To be able to apply for a WHV, you must meet certain conditions which I have listed below:
- be between 18 and 30 years old
- have a travel insurance
- have a minimum funds to live in New Zealand
- Not having dependent children
- Be outside NZ when applying for a visa
I wrote a complete and detailed blog post dedicated to the preparation of the WHV. You can find it here.
Don’t worry if you do not meet the criteria for the WHV (over 30 years old, family, etc.). Other work visas are also available. However, for most of them, you will need to have a job offer in order to apply for a visa. This type of visa also requires a little more preparation and asking help of an immigration officer can be an advantage. Laws and eligibility requirements change quite often. For more information, visit the NZ Immigration website.
The 4 essentials steps to succeed your arrival
Once arrived in New Zealand, the first thing (or maybe the second, right after sleeping because a journey of 24hrs is quite tiring) we all think about is to enjoy this beautiful country!
But, before you can fully enjoy all that New Zealand has to offer, you will have to go through 4 small steps that are essentials to get the adventure off to a good start.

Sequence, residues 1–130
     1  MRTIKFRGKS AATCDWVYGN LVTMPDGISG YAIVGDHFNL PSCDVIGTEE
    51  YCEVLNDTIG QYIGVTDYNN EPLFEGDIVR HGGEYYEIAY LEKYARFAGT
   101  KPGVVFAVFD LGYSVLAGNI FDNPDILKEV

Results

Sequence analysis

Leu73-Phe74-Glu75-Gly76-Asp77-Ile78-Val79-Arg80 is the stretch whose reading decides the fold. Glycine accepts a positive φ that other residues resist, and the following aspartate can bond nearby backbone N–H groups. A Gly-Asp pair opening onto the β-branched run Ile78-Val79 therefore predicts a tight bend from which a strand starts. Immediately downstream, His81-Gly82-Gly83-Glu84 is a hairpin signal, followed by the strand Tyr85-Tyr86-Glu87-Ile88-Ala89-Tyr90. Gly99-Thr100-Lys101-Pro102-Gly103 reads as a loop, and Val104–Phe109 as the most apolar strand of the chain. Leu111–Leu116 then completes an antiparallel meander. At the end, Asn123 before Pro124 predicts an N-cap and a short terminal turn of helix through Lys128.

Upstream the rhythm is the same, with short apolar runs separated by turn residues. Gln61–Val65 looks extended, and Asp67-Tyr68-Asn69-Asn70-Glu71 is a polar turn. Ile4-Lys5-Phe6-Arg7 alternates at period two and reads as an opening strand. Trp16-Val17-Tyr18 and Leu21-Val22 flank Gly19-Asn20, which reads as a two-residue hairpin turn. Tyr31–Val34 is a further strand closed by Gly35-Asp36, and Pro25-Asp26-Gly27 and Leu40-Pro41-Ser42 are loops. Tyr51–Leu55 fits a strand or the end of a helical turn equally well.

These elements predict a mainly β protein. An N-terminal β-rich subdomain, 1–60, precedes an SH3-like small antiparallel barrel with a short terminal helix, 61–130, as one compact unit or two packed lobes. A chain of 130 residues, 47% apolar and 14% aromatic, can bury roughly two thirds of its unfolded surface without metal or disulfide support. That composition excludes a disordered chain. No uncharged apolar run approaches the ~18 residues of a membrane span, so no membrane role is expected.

I promise, these 4 steps are easy as and it will only take you a few days to a week to complete them. That’s why it is important to arrive in a city so that you can complete these steps quickly.
New Zealand administration is rather fast, efficient and very simple compared to Europe. This is great because in less than 2 weeks, you can already be completely settled with an accommodation and a job, only if you follow these 4 steps:
- Choosing your accommodation
- Get a local phone number
- Open a bank account
- Apply for your IRD number
I recommend that you do these steps in this order because certain documents, such as a certificate of residence or phone number, will be required to open a bank account or apply for the IRD number.
1- Find somewhere to live
The choice of accommodation for the first few days depends very much on each individual. There are many options available in New Zealand:
– Youth Hostels
Many will quickly head for youth hostels, also known as backpack. This is one of the cheapest solutions in a city and a good way to meet people from the early days.